Seeking out great films by women about women in an industry that so often fails to allow opportunities for them to flourish is a hard affair, but so worth it to find authentic and genuine filmmaking that seeks to understand the nuances of the lives led by the protagonists. From the complexities of love and sexuality, to barbaric practices of oppression, there’s so many voices to be heard – and many hidden gems to find. This list is comprised of 5 films that in some way, big or small, allow us to intimately experience the different lives of the characters.
Andrea Arnold’s cross-country adventure sees Star (Sasha Lane) seek freedom from the confines of her rundown neighbourhood and child-care duties. When she spots a group of wild youths in a supermarket so begins her desire to move, and to keep moving so that she doesn’t have to stop and think about what is behind or in front of her. American Honey encompasses so much of the want for escapism, and the chosen-family dynamics that drive people to pack a bag and never look back. Arnold makes it easy to understand why, for Star, heading for nothing is easier than heading for something unfulfilling.
Deniz Gamze Ergüven’s Turkey-set film follows five sisters as they prepare to be sent off into arranged marriages. With a focus on the youngest sibling, Mustang’s tact is in the differences of perspective between the girls, each has specific qualities and outlooks, as well as differing feelings about what awaits them outside the bubble of their rooms – where they lay playing with each other’s hair and causing trouble. Lale (Güneş Nezihe Şensoy) waits anxiously for each of her sisters to be ripped away from her, and eventually decides to barricade herself inside her home in an effort to keep the men outside away from her last remaining source of companionship. Mustang is a provocative and powerful insight on a tradition that has a long history with suffering.
Well and truly in the hidden gem category, So Yong Kim’s aching romance chronicling the years of separation and intermittent get togethers of two best friends is the type of heartbreak so true and authentic it has you crawling back for more. Sarah (Riley Keough) faces motherhood alone, and in her quiet need for intimacy falls in love with Mindy (Jena Malone), who remains just out of reach. The chemistry is believable and heartfelt, and the love story is one that camps out in your chest and refuses to leave. Lovesong’s ability to tap into a reserve of all-consuming longing that defies time and distance is both addictive and sob-inducing. The film’s perspective belongs completely to Sarah, and is impressively personal. You’ll want the tissues for this one.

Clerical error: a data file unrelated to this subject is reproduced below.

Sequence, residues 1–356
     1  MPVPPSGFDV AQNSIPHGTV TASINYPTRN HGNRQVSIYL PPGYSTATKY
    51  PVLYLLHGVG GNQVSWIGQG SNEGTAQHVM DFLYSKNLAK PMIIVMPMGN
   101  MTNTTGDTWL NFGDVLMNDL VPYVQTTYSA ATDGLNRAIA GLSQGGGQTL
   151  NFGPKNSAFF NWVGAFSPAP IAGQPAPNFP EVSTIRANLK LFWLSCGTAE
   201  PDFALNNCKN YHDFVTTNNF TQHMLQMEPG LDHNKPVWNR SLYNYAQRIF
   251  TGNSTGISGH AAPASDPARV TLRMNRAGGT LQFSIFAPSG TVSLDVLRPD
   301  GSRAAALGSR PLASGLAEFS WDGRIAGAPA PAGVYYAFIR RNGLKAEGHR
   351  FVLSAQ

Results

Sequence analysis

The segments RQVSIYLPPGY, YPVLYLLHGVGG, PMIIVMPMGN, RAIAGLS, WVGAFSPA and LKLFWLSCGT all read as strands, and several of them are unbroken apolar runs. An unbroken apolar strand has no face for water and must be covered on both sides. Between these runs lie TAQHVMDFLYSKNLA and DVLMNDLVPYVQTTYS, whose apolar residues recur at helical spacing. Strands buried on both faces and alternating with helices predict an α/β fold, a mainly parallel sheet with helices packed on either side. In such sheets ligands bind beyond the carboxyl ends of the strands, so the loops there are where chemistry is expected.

When Cathleen (Margaret Qualley) decides to become a nun, she feels a calling to her faith. A devotion and love so strong that she comfortably dedicates her daily life to it, but when she begins to struggle with her sexuality and desire for another nun, the parallels between devotion to religion and devotion to those we fall in love with are drawn. Cathleen begs to be comforted by the woman she has grown attached to while her internal battle against the shame that grows in her heart intensifies. Director Margaret Betts sets out to ask difficult questions, and is fine with difficult answers – because the sacrificial elements of Novitiate are, at their core, deserving of deep thought.
Jennifer Fox’s examination of the way we manipulate our own memories to survive trauma is difficult to stomach. The director’s own story is fashioned into an explorative and disturbing recount of sexual abuse that, through inspired editing, visualises the realisation that something laying at the back of her mind was much more insidious than she had previously recounted. The fabric of time shifts in layers, and the shocking facts unearthed and pulled from the pile of forgotten days are further made bleak by the admirable portraits of a woman Jennifer trusted, woven into the timeline as if to cause self-doubt. Fox’s film is a brave and uncompromising outing that required hard truths, and is truly unforgettable.
The cinematic landscape is changing, and an influx of new creative voices from different backgrounds can only help to diversify and add interest to yearly lineups. The next big step is recognition for the abnormal contenders that usually go amiss during awards season, and a hope that going forward we will have so many different types of films and creators to pick from that no Best Picture lineup will ever look boring again.